From welfare queens to welfare expansion: LePage and welfare’s rhetorical power

Gov. Paul LePage discusses his welfare reform proposals on Monday, March 24.
Scott Thistle | Sun Journal
Gov. Paul LePage discusses his welfare reform proposals on Monday, March 24.
Posted July 03, 2014, at 10:51 a.m.
Last modified Oct. 24, 2014, at 12:44 p.m.

Gov. Paul LePage stepped into political hot water last week after his office released a statement that characterized Social Security and Medicare benefits for seniors as “welfare.”

LePage’s office was trying to put a positive spin on newly released data from the U.S. Bureau of Economic Analysis that showed Maine’s personal income grew at the slowest pace in New England during the first quarter of 2014. The governor attributed the growth elsewhere in New England to an increase in “transfer receipts” from the federal government, which include Social Security payments, Medicare and Medicaid disbursements, and unemployment insurance checks.

“It doesn’t matter what liberals call these payments, it is welfare, pure and simple,” LePage said in the written statement.

LePage this week is trying to cover his tracks with seniors. His re-election campaign has started placing automated, pre-recorded calls in which the governor says he doesn’t believe Social Security is “welfare” and blames newspapers and political opponents for mischaracterizing his statements, the Portland Press Herald reported.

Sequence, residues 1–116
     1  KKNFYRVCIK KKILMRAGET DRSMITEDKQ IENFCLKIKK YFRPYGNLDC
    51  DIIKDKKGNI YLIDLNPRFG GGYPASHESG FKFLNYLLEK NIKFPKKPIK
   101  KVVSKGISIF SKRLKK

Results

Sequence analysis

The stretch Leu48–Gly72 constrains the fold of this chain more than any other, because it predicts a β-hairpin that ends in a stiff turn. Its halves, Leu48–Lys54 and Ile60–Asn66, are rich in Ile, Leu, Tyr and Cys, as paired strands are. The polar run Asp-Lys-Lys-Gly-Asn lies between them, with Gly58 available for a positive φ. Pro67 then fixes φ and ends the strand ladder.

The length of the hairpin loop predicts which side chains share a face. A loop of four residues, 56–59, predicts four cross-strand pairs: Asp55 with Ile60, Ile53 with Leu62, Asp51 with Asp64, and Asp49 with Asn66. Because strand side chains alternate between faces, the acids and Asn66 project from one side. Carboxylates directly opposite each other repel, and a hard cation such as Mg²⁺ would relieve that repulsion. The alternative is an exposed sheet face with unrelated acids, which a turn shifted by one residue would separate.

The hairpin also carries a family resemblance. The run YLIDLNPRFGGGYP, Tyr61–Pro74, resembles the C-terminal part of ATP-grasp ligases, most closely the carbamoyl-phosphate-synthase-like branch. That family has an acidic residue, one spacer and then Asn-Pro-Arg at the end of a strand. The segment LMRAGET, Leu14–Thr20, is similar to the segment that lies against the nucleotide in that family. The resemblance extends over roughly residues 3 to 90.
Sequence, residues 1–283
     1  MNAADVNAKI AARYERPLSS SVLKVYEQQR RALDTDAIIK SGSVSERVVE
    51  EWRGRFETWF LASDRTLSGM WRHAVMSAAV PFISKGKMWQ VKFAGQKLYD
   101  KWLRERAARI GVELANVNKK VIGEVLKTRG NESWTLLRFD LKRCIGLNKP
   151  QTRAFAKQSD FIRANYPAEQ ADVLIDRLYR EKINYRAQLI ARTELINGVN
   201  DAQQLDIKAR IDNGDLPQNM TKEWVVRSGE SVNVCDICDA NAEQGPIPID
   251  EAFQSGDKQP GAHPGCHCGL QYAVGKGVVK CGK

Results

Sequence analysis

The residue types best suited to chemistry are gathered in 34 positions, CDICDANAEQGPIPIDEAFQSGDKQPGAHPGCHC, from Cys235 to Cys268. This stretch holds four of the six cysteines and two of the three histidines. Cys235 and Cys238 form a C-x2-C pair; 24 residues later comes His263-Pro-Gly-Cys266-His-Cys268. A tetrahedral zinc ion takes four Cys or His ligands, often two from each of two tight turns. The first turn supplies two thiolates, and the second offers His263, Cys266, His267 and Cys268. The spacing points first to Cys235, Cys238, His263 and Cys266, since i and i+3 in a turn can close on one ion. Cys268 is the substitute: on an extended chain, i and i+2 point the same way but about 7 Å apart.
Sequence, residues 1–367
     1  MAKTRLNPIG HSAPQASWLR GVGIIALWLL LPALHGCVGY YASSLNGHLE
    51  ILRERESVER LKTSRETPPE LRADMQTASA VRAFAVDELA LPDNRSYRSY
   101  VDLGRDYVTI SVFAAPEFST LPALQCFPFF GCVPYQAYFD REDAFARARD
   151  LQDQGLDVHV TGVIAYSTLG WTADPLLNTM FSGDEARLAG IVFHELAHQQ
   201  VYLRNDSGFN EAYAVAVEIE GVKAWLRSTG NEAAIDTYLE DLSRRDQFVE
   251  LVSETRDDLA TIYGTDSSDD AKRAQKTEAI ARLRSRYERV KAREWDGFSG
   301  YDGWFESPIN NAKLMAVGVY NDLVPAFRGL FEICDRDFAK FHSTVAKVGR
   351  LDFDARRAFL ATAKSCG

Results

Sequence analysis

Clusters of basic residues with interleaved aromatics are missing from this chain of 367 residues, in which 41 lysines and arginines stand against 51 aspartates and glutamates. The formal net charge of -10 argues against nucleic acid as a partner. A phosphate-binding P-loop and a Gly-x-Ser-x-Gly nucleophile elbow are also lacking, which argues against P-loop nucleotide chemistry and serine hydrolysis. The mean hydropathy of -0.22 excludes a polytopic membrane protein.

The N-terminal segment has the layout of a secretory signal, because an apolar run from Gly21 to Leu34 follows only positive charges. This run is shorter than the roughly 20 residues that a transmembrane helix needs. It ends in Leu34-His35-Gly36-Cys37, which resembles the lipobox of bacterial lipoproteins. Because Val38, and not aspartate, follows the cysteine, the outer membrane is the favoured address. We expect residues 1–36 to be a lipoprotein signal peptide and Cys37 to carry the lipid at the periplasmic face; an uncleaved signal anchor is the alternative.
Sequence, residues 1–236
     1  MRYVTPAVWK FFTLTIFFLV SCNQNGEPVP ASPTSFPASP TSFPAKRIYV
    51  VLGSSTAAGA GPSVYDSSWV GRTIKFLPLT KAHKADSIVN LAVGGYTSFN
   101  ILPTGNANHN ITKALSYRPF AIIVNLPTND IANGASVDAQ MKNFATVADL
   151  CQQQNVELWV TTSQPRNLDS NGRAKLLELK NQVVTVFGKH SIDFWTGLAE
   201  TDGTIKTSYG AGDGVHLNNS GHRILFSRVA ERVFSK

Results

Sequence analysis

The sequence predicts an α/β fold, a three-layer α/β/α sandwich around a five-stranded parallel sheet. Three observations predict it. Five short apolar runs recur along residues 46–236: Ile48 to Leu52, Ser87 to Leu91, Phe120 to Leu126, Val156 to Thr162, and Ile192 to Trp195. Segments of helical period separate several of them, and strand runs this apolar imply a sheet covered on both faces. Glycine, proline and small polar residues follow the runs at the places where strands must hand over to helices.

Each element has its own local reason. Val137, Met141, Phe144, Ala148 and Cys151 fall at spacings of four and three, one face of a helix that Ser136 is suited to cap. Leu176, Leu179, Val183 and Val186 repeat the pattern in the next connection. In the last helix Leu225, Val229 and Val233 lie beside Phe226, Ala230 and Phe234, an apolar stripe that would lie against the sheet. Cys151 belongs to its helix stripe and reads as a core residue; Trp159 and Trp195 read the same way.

The episode proves the rhetorical power of the word “welfare” to cast a negative light on a wide array of government programs and the people who benefit from them. The governor didn’t want seniors, who turn out to vote in high numbers, to think he was characterizing them as undeserving welfare recipients.

Welfare-weary colonials

LePage has made welfare an overriding focal point of his tenure as governor, and he’s used the term to try to shift public opinion to his side on a variety of issues.

As his administration fought against the expansion of Medicaid under the federal Affordable Care Act, LePage branded the proposal a “welfare expansion.” As he criticized efforts in the Legislature to try to maintain funding for revenue sharing with municipalities, he said it was time Maine eliminated “welfare for communities.”

Meanwhile, LePage kept a laser focus this past legislative session on proposals aimed at restricting recipients’ use of their public benefits.

In repeatedly evoking welfare, LePage is appealing to a deep-seated American weariness toward assistance programs for the poor.